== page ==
finishingWhile shoveling the snow from my driveway a couple of weeks ago, I was tempted to quit at several points. You see, I have a very long driveway. I had cleared enough to get my car through the toughest spots, and it probably would have been fine if I had quit mid-way through. Probably.

But while out there, I came up with several reasons to keep going. First, shoveling snow is good exercise, and after being cooped up with the flu for a week, it felt good to work my muscles a little. Secondly, shoveling snow provides good thinking time, and I don’t get as much of that as I would like these days (I seem to spend too much time doing and not enough time thinking about why or what I’m doing). Third, shoveling snow requires layers of clothing. If I had gone inside, I would have had to strip down those layers; and the likelihood that I would re-suit up after doing that was slim. I was also motivated by the thought that any guests would be forced to navigate a half-shoveled driveway, which would not be as easy for them as for me, since they don’t know the drive as well.

Most importantly, though – and this is what really kept me going for the final stretch – was the underlying value in finishing what I started. My parents instilled this in me at an early age, to the point that I feel compelled, even when I don’t want to, to see something through to the end.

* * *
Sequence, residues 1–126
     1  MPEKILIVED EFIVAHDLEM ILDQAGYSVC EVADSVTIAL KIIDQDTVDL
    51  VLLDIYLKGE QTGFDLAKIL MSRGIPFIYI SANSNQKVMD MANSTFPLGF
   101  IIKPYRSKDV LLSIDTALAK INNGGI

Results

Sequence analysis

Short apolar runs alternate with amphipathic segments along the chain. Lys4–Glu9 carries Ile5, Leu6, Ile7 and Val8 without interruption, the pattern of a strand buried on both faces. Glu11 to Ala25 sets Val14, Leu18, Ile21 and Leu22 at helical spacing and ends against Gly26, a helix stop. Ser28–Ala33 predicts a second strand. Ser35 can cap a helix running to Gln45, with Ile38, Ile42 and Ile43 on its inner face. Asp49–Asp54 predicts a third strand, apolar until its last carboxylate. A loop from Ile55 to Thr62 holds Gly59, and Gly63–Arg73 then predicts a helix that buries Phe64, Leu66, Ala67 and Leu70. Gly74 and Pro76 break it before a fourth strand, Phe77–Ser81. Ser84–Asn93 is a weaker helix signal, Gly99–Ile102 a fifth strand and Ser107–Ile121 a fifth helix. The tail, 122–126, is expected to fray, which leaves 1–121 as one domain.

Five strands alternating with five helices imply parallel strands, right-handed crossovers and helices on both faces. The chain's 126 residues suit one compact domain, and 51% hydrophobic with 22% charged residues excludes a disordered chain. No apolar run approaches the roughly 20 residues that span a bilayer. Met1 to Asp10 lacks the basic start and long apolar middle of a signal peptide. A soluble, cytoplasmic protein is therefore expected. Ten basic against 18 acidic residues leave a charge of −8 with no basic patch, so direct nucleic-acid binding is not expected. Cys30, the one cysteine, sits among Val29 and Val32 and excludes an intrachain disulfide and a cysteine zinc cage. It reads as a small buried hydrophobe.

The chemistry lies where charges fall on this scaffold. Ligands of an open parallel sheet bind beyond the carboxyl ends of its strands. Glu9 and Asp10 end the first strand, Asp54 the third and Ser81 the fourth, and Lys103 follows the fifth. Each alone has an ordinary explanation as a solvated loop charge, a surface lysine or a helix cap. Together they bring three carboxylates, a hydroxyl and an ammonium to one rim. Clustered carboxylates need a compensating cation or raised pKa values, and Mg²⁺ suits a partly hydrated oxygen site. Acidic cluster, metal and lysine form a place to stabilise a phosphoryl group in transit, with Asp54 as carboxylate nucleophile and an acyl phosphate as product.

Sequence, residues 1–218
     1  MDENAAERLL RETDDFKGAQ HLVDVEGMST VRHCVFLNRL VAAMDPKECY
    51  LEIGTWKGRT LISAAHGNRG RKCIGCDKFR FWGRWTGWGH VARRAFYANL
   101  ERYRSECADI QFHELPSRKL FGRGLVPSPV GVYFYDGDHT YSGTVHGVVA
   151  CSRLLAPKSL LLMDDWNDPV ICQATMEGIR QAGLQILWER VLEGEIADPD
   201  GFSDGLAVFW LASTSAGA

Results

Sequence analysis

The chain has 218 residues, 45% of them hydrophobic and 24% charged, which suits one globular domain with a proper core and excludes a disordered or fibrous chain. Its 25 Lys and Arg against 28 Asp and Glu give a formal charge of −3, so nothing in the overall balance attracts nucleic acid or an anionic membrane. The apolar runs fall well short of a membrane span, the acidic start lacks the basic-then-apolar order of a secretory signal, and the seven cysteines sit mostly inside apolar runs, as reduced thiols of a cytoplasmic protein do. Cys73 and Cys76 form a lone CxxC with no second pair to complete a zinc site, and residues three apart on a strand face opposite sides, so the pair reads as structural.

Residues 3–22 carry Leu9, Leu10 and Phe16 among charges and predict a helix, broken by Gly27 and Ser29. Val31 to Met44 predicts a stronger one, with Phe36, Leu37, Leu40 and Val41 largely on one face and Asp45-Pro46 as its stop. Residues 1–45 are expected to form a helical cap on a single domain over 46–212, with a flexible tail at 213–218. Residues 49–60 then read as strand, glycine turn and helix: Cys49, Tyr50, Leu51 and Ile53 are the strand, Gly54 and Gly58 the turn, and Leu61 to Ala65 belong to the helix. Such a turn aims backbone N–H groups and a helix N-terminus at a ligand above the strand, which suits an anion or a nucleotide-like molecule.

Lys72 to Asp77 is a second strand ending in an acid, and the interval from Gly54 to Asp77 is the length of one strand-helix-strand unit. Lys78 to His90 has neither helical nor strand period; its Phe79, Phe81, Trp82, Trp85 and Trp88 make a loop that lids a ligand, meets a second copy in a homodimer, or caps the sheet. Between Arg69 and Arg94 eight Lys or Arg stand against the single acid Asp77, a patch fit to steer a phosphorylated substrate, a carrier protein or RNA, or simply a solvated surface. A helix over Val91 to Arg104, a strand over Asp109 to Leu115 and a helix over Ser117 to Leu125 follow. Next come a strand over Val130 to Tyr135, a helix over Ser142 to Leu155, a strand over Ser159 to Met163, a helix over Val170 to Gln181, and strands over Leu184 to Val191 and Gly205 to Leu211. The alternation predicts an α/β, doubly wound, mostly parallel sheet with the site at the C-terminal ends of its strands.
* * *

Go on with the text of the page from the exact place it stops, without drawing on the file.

Anyone can be a starter. We all do it. We start a project; we buy an instrument or a fancy camera; some of us even start the Great American Novel… with the intention of learning, of mastering, of completing. But so often, when the energy, enthusiasm and creativity wane, so does our commitment. We are good at starting, but we are not so good at finishing.

Finishing must become a habit for those who want to be successful. For that reason, I want to be as good at finishing as I am at starting. Finishers are successful; finishers are winners; finishers are motivators and role models. They have perseverance and character and wisdom. Yes, I am a finisher. My body may ache, and my clothes may be wet through… but my driveway is clear. And I am content with another job completed.

Happy shoveling.

– Clifford Bailey
speaker, CEO

This entry was posted on Tuesday, February 5th, 2013 at 6:10 am and is filed under Change Management, Effectiveness, Emotional Intelligence, Success. You can follow any responses to this entry through the RSS 2.0 feed. Both comments and pings are currently closed.